For the past two months of Mexico's election season, Enedina Gonzalez’s telephone has been ringing incessantly. But for every voice pitching a party candidate, Ms. Gonzalez has gotten a call from someone telling her not to vote.
The retired public school teacher in the troubled state of Guerrero says she has never missed an election. “I’m a very democratic person,” she says.
But just days before the June 7 vote to elect nine state governors, 500 federal deputies, and hundreds of mayors and state legislators, Gonzalez boarded a bus to Mexico City, where she’ll sit out this election in a relative’s one-bedroom apartment.
“I’m afraid,” she says, “and I find it very sad.” On her way to catch her bus in the Guerrero capital of Chilpancingo Wednesday, she was delayed by clashes between state police and anti-election demonstrators. “People don’t want to vote because we’re afraid of getting caught up in the violence.”
Indeed, this weekend Mexicans will be wrapping up what analysts call the most violent election season in more than 15 years.
Upwards of 70 candidates and campaign workers have been attacked, and at least five candidates have been killed. Violent protests have also been on the rise in recent weeks, primarily in a handful of southern states where a dissident teachers’ union has reportedly stolen thousands of ballots and set electoral offices ablaze.
Observers fear that organized campaigns to disrupt voting, along with threats of election day violence, could lead to low turnout in some areas, with people like Gonzalez deciding it's safer not to vote.
“This is very worrying in terms of democracy,” says Javier Oliva Posada, a political scientist at the National Autonomous University of Mexico. He expects 95 percent of the voting centers to run smoothly on Sunday, but says the electoral process is threatened by “citizens feeling intimidated.”
'Social' violence the culprit?
Violence is an ongoing challenge in Mexico, where some 70,000 people have died and more than 20,000 have gone missing since 2006 as the country has battled organized criminal groups.
But Luis Carlos Ugalde, a former president of Mexico’s electoral institute and founder of the Integralia consulting firm, says the violence threatening the electoral process does not necessarily stem from those groups. “Organized criminals have never tried to block elections as a strategy,” Mr. Uglade says, unlike Colombia, where for decades that was the aim of guerrilla fighters and organized criminals.
“It’s not that the democratic process produces violence; it’s the context of violence we’re living in as a country fighting organized crime.”
He points instead to “social violence,” largely stemming from a dissident teacher’s union and the families and classmates of the 43 teacher’s college students that disappeared at the hands of corrupt politicians, local police, and a criminal gang in Guerrero last fall.
The government appeared to try to head off electoral boycotts last week when it announced it would suspend a key part of the nation’s education reform, long protested by the dissident teacher’s union, The National Coordinator of Educational Workers. But union members haven’t backed down.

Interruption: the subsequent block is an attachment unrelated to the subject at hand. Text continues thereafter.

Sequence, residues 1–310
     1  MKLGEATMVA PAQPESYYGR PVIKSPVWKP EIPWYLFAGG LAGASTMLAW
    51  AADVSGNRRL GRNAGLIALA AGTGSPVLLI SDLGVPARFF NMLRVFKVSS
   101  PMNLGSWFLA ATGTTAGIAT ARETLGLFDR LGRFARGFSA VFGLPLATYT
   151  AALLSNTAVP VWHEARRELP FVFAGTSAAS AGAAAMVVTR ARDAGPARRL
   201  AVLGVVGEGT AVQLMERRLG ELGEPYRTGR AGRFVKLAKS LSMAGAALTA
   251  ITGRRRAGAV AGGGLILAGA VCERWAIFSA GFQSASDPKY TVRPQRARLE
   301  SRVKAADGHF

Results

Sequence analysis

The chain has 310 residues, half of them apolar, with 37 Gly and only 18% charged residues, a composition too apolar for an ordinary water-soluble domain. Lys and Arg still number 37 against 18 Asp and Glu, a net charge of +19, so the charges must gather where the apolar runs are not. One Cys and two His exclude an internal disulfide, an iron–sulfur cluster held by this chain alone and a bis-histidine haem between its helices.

Protesters briefly shut down the airport in Oaxaca, and earlier in the week took control over 11 state election offices there, local media report. Four highways were blocked by demonstrators in the state of Michoacán on Wednesday as well, and a clash between protesters and police on a Guerrero highway left at least six injured.
“There is a risk of not holding elections [in some states], which would be the first time in modern history,” Ugalde says. “It would be a very bad symbol for our democratic process.”
The National Electoral Institute (INE) says it is prepared to install all voting centers across the nation – including special voting stations for individuals who can't return home to cast their ballots – but it’s now up to local and federal officials to ensure conditions are safe for citizens to actually vote.
In some parts of the country, particularly states with tight gubernatorial races like Nuevo Leon, voter turnout could be slightly higher. However, “lots of elections could be too close to call," which could lead to post-electoral clashes, Ugalde warns.
Alternative voting centers
But to say that organized crime isn’t stymieing the election may be an oversimplification.
An estimated 290,000 Mexicans have been displaced from their communities due to violence, according to the Internal Displacement Monitoring Center.
Displaced residents are eligible to vote in special INE polling stations, something that should benefit residents of Guerrero, which is estimated to have the largest portion of the nation’s displaced population. Over the past year, at least two communities have been expelled from their homes there, says Manuel Olivares, director of the José María Morelos y Pavón Regional Center for Human Rights. Other individuals have left due to threats, extortion, or kidnappings, he says.
But many people don’t know of the possibility to vote outside of their home community, says Mr. Olivares, and others will choose not to vote “because the government hasn’t been able to resolve their problems.”
For Gonzalez, life in her municipality of Tixtla de Guerrero has changed substantially over the past several years. Few people go out after 8 p.m., and she and her neighbors no longer leave their doors unlocked or host parties on their block. Nighttime mass at her church has been cancelled. But at least returning home is still an option.
“I think change will come from the people, not the government,” she says. “But I don’t know what will happen to my beautiful little town.”